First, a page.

I asked earlier about Dynatron oscillator tubes but instead what I'm looking for is a bi-grid tetrode that has the "kink" in its plate-grid charactestic curve. I actually have a Sylvania 12K5 tetrode, but does that one have negative resistance? If not I'd like some suggestions for a better tetrode model I can find somewhere.
Checkout the 12k5 data sheet here
What you are looking for is this I believe: -
Test/picture taken from here
And as far as I can tell the 12k5 doesn't exhibit this characteristic but it may be documented somewhere else. However it is a low voltage tube/valve so I have my doubts.
Maybe try some pentodes like this: -
This kink (which will give name to Kinkless Tetrods aka KTxx series) is due to an anode emission phénomena. At a certain low voltage, the electrons hitting the anode create an electron stream (ejected electrons) that is attracted by the second grid. This is the reason of the existence of the penthode : a screen grid at cathode potential is introduced between the secondary grid and the anode to repel this stream to the anode.
So I did a little big more research on Google and wikipedia for kinky tetrodes(teehee :-p)and what I came up with(and just recently received from FedEx) is the Radiotron UY224 tetrode. Kinky tetrodes can be a problem for amplifiers because the negative resistance leads to parasitic oscillation that introduces excessive(or entirely unwanted)distortion but it can be useful for oscillator circuits like the Dynatron oscillator. This particular tetrode has quite a bit of negative resistance from looking at the graph in the article which plots the plate and screen grid current as a function of control grid voltage. Just what I was looking for!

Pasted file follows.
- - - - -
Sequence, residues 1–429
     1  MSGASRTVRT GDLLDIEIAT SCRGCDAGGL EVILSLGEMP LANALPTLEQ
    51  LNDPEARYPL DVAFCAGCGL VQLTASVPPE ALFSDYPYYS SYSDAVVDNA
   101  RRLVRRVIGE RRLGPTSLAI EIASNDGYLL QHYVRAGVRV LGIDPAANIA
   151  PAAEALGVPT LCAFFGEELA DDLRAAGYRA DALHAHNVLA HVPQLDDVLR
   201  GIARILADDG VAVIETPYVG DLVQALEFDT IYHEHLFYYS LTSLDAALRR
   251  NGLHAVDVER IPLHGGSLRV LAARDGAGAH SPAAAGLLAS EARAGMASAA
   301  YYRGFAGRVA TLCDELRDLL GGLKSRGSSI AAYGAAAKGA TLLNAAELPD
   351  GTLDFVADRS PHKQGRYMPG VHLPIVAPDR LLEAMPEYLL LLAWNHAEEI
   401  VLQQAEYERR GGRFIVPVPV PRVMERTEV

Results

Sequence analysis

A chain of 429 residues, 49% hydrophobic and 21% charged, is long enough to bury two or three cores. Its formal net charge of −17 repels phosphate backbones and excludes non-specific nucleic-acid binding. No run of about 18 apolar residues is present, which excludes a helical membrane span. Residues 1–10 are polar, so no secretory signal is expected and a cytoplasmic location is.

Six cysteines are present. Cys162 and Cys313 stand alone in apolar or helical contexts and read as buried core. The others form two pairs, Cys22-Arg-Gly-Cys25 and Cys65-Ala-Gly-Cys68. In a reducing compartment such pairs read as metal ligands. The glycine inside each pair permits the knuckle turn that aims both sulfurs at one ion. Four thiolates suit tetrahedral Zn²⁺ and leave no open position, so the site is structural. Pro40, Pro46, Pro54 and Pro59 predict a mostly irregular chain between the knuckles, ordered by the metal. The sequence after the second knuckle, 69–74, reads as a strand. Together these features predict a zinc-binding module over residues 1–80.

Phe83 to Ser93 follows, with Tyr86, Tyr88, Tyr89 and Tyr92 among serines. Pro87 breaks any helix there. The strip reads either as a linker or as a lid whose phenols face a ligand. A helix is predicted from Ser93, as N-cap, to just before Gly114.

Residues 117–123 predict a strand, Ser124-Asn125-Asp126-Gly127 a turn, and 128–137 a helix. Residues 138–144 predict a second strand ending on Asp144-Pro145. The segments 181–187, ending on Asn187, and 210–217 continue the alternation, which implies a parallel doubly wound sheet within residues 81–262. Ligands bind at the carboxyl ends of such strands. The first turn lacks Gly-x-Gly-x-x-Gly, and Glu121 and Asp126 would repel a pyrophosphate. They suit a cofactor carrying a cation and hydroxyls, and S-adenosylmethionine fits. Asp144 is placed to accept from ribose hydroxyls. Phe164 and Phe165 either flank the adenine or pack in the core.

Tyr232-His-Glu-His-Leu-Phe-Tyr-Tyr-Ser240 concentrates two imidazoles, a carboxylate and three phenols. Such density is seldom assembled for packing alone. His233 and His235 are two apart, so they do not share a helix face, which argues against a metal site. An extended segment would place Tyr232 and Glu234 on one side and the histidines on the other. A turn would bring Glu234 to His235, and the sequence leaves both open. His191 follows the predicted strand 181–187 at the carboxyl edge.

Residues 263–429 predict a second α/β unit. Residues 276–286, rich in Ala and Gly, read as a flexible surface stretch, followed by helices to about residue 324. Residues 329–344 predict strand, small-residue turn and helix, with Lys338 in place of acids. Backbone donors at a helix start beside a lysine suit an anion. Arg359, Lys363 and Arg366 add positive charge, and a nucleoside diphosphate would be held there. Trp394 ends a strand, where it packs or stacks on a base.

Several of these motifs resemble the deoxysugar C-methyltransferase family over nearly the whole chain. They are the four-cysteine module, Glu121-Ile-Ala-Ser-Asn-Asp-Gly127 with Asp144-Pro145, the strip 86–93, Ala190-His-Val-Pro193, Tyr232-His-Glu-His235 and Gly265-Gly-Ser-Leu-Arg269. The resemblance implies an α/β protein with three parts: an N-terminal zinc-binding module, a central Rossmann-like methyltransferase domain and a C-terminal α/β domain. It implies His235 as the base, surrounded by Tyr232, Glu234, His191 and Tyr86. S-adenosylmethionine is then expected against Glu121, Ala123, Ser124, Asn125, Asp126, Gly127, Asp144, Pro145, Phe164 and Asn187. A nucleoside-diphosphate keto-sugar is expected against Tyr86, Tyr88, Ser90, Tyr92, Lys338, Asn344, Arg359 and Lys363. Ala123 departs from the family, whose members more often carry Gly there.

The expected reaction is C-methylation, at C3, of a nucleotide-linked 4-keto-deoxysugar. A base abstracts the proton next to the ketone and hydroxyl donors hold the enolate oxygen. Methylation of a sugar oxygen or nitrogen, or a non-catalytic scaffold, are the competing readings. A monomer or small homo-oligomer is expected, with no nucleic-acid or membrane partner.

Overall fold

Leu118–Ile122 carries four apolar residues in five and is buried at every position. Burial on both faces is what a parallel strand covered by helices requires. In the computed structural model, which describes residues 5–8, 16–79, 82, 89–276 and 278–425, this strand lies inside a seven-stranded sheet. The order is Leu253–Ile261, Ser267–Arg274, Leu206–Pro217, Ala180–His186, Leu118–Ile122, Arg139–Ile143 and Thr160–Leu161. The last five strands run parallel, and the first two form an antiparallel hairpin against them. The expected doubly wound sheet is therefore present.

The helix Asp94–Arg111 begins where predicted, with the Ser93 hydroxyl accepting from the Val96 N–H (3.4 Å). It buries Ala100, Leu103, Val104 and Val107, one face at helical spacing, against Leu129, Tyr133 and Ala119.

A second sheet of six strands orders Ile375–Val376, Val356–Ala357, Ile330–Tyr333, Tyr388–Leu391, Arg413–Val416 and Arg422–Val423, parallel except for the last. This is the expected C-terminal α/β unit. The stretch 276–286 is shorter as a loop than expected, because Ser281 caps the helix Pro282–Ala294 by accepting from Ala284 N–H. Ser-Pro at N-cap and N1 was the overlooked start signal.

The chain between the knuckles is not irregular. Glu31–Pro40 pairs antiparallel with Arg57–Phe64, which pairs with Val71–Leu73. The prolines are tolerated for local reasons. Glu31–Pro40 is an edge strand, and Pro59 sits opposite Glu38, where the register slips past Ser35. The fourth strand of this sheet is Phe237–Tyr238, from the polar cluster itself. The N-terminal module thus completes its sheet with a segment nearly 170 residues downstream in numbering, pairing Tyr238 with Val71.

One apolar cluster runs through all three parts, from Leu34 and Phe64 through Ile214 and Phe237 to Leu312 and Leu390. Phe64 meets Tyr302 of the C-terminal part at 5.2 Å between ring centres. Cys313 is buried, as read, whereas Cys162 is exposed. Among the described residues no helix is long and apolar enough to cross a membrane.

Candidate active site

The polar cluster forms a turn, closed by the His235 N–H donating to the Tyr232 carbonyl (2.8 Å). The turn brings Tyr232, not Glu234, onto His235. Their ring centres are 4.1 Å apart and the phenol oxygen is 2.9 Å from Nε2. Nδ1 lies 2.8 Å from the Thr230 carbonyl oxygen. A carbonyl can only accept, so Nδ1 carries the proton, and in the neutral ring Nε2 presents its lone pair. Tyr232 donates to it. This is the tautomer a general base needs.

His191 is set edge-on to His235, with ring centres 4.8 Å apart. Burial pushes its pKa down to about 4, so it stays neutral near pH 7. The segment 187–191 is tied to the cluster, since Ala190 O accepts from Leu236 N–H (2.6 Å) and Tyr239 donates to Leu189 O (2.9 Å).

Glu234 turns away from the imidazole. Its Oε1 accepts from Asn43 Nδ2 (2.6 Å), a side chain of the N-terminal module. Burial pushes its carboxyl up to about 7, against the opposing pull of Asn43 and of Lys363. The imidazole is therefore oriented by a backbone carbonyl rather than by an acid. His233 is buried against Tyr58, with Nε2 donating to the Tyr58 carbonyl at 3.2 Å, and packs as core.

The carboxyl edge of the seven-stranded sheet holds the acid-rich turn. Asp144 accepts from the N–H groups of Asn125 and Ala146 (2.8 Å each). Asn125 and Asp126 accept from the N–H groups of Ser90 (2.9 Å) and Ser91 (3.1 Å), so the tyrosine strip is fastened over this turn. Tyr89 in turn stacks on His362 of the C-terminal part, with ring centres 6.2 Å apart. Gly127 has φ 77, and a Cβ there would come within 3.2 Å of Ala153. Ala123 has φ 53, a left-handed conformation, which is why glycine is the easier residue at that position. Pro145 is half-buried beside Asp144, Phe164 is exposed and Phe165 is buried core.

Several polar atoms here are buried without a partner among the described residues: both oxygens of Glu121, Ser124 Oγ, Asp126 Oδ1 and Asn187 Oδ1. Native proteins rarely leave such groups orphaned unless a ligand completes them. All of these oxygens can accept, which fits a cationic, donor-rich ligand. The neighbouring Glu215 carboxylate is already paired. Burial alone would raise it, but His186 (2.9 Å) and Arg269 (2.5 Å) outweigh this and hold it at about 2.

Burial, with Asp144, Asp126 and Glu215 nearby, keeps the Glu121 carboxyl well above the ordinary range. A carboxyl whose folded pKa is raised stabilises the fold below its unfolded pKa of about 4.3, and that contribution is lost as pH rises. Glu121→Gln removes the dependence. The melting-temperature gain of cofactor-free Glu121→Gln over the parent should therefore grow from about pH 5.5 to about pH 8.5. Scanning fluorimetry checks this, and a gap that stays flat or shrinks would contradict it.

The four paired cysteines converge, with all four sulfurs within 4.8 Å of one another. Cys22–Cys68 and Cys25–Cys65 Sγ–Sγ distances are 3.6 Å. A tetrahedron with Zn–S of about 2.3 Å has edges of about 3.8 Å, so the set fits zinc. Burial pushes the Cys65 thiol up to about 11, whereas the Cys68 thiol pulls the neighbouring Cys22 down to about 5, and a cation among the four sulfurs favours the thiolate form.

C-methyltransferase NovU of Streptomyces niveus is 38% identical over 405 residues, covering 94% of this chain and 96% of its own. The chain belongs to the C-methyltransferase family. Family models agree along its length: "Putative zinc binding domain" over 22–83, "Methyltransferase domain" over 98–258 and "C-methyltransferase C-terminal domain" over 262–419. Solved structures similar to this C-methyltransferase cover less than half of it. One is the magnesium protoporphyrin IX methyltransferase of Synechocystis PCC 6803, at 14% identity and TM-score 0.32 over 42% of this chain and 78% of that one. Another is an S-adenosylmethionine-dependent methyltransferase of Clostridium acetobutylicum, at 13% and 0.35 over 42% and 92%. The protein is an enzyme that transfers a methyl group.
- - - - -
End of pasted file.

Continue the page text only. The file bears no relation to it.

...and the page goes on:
An alternative is to use any old pentode, with g3 (the suppressor grid) connected to the anode. This effectively turns it into a tetrode. (Similarly, it's fairly common practice to connect both g2 and g3 to anode for triode operation).
You may need to browse some detailed data sheets or experiment with a curve tracer (or variable DC voltages and an ammeter) to determine the best bias conditions for the kink.
Normally the suppressor grid is connected to the cathode, or to 0V, to drain off secondary emission electrons from the anode before they interfere with electric fields around the screen grid (which is the mechanism behind the negative resistance region, or kink).
As I understand it, the Kinkless Tetrode (as in KT66) happens to have a suppressor grid, not brought out to a pin, but internally connected to cathode. The story (anecdotal by the time it got to me) was that it was a sneaky way to run around the patent on the power pentode (as in EL34).